In a direct rebuke of Trump’s foreign policy amid broader pushback over his defense of Saudi Arabia, the House on Wednesday passed a bill in a 248-177 vote that largely fell along party lines, which requires President Trump to withdraw U.S. military support from the Saudi Arabia-led coalition. The House sent the war powers resolution to the Senate, where it is also expected to pass and confront Trump with the possibility of issuing the first veto of his presidency.
“The only patriotic thing, if you care about our troops, if you care about American interests, if you care about the outrage that the Saudis are inflicting on Americans and on the world, then the only patriotic thing to do is to vote for this resolution,” California Democrat Ro Khanna, the resolution’s chief House sponsor, said ahead of the vote.
The resolution would direct the president to withdraw U.S. military forces in or “affecting” Yemen within 30 days unless they are fighting al Qaeda or associated forces, according to The Hill . The vote comes at a time when Congress’ anger at Saudi Arabia over last year’s killing of U.S.-based journalist and Saudi dissident Jamal Khashoggi is being reignited.
However, confirming what we said earlier, namely that the War Powers Act is a joke, Trump said in December he would veto the Senate resolution if it ever reached his desk, which now appears likely.
In December, the Senate passed a parallel resolution 56-41, but a blocked vote by House Republicans prevented it from ever reaching the floor of the House. It was the first time the Senate had ever used congressional authority handed to them in the War Powers Act of 1973.
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For years, the United States has been providing logistics, intelligence sharing and arms sales to the Saudi-led coalition fighting Iran-backed Houthi rebels. The U.S. military also provided aerial refueling to coalition jets, but the administration suspended that support in November.
As The Hill notes, the Trump administration declined to follow a congressionally mandated deadline Friday to report on whether Saudi leadership, including Crown Prince Mohammed bin Salman, was responsible for Khashoggi’s slaying and should be sanctioned.
Previously, the Trump administration levied sanctions on some Saudi officials over the killing, but lawmakers have demanded stronger action. Trump, though, has resisted anything that could affect the U.S.-Saudi alliance.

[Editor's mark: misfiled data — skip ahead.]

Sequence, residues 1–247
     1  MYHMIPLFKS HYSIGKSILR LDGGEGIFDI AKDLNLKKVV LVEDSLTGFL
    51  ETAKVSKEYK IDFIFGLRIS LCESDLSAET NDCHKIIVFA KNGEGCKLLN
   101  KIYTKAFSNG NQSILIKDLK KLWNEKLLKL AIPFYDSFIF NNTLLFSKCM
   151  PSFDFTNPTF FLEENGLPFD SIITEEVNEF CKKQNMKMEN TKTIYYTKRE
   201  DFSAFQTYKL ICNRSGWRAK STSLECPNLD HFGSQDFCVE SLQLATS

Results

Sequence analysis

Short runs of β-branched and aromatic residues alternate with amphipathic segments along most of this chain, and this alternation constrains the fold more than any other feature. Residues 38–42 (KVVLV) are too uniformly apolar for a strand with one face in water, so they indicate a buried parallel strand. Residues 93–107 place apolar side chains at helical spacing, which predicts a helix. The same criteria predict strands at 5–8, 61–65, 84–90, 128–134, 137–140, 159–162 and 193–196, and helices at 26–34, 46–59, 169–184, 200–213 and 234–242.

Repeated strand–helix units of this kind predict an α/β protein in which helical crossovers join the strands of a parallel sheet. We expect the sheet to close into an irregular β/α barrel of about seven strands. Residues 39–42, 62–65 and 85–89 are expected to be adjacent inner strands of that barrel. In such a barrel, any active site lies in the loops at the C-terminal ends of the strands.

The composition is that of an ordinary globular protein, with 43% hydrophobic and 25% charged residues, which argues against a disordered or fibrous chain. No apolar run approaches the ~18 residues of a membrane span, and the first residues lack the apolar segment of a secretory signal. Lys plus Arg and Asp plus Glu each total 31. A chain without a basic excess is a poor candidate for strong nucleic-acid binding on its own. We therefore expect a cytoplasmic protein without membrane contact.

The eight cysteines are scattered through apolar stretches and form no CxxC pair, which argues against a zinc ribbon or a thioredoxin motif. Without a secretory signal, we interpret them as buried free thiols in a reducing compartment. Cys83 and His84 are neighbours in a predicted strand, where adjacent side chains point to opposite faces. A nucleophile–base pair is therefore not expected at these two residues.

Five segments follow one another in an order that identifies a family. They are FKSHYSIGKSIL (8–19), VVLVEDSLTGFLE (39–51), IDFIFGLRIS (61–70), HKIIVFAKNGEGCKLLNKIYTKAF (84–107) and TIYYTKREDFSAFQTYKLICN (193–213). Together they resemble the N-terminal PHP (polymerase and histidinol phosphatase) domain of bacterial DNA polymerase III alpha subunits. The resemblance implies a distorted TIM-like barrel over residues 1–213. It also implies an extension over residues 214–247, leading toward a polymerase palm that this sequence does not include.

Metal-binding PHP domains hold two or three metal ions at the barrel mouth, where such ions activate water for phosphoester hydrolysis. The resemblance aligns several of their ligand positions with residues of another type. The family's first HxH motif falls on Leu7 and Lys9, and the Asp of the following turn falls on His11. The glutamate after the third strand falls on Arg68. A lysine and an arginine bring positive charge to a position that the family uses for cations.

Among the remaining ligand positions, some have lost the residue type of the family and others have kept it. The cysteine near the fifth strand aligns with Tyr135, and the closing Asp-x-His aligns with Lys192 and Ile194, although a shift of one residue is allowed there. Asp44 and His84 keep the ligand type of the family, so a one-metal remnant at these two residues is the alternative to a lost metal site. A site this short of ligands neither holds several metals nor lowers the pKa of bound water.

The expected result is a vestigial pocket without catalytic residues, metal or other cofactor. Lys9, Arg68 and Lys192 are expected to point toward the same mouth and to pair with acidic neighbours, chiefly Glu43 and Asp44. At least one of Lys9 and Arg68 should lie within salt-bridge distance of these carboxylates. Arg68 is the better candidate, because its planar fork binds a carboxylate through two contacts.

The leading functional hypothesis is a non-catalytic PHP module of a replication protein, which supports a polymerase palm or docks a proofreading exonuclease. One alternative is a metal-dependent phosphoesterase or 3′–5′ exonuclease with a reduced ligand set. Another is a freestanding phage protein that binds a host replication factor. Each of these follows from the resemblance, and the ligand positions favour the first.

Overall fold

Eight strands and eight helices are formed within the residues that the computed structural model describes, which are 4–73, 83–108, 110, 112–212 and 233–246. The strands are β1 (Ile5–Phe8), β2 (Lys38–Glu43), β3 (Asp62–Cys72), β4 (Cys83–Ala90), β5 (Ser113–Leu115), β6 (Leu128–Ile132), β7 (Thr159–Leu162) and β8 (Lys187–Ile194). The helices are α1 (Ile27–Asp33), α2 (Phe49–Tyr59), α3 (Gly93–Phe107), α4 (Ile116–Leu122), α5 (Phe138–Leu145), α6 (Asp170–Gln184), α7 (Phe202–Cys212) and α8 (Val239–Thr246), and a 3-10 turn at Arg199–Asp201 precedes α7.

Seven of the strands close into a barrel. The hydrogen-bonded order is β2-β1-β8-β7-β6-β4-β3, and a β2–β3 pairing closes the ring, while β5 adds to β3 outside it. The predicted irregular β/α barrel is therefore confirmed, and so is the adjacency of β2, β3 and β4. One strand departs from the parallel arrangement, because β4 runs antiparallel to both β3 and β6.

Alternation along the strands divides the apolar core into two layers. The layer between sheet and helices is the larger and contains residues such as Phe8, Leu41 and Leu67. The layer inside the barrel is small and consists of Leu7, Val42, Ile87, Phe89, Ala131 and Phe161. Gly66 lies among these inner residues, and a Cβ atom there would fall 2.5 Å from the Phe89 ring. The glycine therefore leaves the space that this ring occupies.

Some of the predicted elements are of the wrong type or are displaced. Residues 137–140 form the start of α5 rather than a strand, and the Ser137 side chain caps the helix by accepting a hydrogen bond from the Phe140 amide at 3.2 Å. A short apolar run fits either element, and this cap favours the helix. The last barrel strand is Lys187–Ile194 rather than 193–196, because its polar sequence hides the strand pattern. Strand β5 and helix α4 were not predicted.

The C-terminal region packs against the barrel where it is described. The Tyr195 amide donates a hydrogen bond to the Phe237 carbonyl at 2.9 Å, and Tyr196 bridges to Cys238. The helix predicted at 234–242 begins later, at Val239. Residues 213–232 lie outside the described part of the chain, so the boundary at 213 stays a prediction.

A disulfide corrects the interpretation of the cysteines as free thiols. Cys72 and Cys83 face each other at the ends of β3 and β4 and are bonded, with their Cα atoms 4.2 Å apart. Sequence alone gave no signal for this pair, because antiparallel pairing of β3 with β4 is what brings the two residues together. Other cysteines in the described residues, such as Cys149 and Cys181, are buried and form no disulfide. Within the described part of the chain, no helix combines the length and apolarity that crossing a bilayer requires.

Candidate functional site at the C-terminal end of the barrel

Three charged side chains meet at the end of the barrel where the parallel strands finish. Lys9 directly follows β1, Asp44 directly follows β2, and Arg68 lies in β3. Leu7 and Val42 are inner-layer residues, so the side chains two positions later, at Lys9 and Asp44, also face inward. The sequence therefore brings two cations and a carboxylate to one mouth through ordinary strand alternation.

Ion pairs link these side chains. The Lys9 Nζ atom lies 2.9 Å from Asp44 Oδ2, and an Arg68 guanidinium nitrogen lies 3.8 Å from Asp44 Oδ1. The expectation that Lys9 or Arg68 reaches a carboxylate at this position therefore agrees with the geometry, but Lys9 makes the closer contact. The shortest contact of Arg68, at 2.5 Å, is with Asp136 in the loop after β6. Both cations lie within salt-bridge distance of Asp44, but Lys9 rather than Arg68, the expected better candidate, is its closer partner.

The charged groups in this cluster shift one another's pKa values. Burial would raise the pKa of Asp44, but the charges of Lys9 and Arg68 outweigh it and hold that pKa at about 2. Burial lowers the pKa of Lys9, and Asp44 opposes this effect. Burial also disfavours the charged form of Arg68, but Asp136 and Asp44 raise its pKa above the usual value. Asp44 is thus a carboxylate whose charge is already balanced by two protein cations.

Last year, searching for a way to punish the Saudis, the Senate passed a resolution similar to the one that passed the House on Wednesday to withdraw U.S. military support in Yemen. The measure did not advanced in the House, which was controlled by the GOP at the time.
But Democrats, upon taking control of the House, fulfilled their pledge to prioritize a vote on the war in Yemen, making it their first major foreign policy vote of the year.
In Wednesday’s votes, the House also approved 252-177 a Republican-offered amendment to the bill meant to ensure the United States can continue intelligence sharing with “any foreign country.”
The House also unanimously approved a Republican-offered amendment saying it is in the U.S. national security interest to combat anti-Semitism, which was offered amid an unrelated row over a tweet from Ilhan Omar that she has since apologized for.
As noted above, the White House has issued a veto threat against the Yemen resolution. The statement of administration policy called the resolution “flawed” because U.S. forces are not directly involved in hostilities in Yemen.
The White House also warned the bill would “harm bilateral relationships” by defining hostilities as including “defense cooperation” such as aerial refueling.
“Our continued cooperation with regional partner nations allows the United States to support diplomatic negotiations to end the conflict, promote humanitarian access, mitigate civilian casualties, enhance efforts to recover United States hostages in Yemen and defeat terrorists who seek to harm the United States,” the statement said.